Gujarat chief minister Narendra Modi on Monday performed shastra puja (worship of weapons) at his official residence in Gandhinagar, raising questions whether someone in his position should be taking part in such a ritual.

On display at the prayers, while members of the elite National Security Guard (NSG) and the state police looked on, were sub- machine guns, AKseries assault rifles, and prohibited bore pistols. These are regular issue for the NSG, paramilitary forces and the Army.

Also placed in the row of weapons for the prayers – usually performed on Vijaya Dashami, the last day of Navratra – were swords, tridents, clubs and axes.

As the CM performed the prayers for close to two hours, none of the NSG men appeared to be armed. Their weapons had evidently been presented for the ritual.

This worship is a traditional ritual, followed by those who carry weapons-like the Rajputs, or members of the armed forces and the police. It is believed to have its genesis in the worship of weapons by Rama’s followers before the final battle with Ravana, in which the demon king was killed.

However, when a top civilian representative takes part in such a practice, controversy is bound to follow.

Modi has made this an annual ritual, and those close to him insist he has not done anything unusual. The CM’s office too did not think it was out of place for him to worship deadly weapons belonging to NSG personnel.

“The CM started the shastra puja tradition on Vijaya Dashami in 2002. Everyone, including the security personnel and the NSG men, takes part. No one has ever said anything,” said Jagdish Thacker, Modi’s media advisor.

However, that may no longer be true. The Congress expressed surprise at the chief minister’s worship of deadly weapons and said it showed his weak character rather than strength.

“The attempts of the chief minister of Gujarat to project a muscular image are nothing short of comic,” said Congress spokesperson Manish Tewari.

The Left condemned it as a “medieval” practice. “What is he trying to do? He should have some sense. No one can be stopped from offering prayers on Vijaya Dashami but collecting arms from security personnel and worshipping them is going a bit too far,” said CPI general secretary A.B. Bardhan.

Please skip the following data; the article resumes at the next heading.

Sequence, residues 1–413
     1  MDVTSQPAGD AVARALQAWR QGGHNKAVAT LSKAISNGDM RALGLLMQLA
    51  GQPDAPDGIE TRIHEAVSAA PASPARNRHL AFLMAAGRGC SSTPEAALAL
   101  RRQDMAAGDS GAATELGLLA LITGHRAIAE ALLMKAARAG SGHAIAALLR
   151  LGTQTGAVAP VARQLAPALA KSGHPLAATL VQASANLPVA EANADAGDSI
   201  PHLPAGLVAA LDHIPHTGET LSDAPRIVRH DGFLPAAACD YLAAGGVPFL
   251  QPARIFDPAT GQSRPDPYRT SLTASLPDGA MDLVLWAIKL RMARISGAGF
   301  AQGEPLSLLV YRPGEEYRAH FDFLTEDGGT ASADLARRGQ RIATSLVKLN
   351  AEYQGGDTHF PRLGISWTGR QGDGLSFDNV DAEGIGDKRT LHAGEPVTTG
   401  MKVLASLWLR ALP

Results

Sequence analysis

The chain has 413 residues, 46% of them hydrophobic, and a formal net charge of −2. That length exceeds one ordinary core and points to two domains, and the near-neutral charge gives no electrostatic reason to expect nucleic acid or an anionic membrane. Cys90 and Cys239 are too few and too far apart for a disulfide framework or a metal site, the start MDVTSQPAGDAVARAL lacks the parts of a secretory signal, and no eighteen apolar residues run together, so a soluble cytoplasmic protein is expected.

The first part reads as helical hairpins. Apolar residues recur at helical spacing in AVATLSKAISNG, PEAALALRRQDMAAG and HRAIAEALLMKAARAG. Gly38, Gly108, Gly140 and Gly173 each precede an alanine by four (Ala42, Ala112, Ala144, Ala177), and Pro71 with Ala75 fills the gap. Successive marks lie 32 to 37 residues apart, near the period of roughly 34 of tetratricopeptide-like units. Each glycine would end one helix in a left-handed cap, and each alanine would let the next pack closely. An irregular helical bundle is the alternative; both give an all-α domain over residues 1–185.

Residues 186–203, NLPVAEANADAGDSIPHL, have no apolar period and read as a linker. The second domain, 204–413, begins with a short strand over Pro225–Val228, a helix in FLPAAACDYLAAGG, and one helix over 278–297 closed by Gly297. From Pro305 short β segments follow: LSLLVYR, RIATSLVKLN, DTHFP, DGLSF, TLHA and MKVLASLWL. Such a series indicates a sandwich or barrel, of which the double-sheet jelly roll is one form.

Modi’s party, the BJP, appeared to be trying to make sense of what political message the Hindu Hriday Samrat was sending. “I really do not know anything about it,” said BJP spokesperson Rajiv Pratap Rudy. However, the fact that NSG men did not have their weapons seems to have upset the brass of the elite force that protects VIPs. NSG director-general NPS Aulakh was unavailable for comment. But, a senior official in Delhi said there were strict guidelines for the commandos to always hold their weapons while on duty.

“At any time, there are six to eight NSG commandos with their weapons-usually an MP5 or an AK-series rifle-guarding the closest security ring of a Z-plus protectee like Modi. In no event are they supposed to hand over their weapons to anyone,” he said.

He said if on- duty NSG commandos had flouted the rules, the matter would invite an internal inquiry.

Former NSG director- general Ved Marwah said, “I am sure rules do not allow for such a thing, where commandos hand over weapons for worship. Maybe the commandos could not say ‘no’ to the chief minister. I cannot recall any such case during my tenure at the NSG.”

President Pratibha Patil posed with an AK-47 rifle recovered from militants during her visit to Jammu & Kashmir in May last year.

The President, seen with a weapon linked to militants, was disapproved by many. Jammu & Kashmir chief minister Omar Abdullah criticised Patil on his blog, saying he would have rather seen her talking to kids about the future. He wrote: “it (was a) reminder of the one object that has caused so much death and destruction over the last 18 years.”

This story first appeared on The Mail Today and India Today on October 05, 2009 here.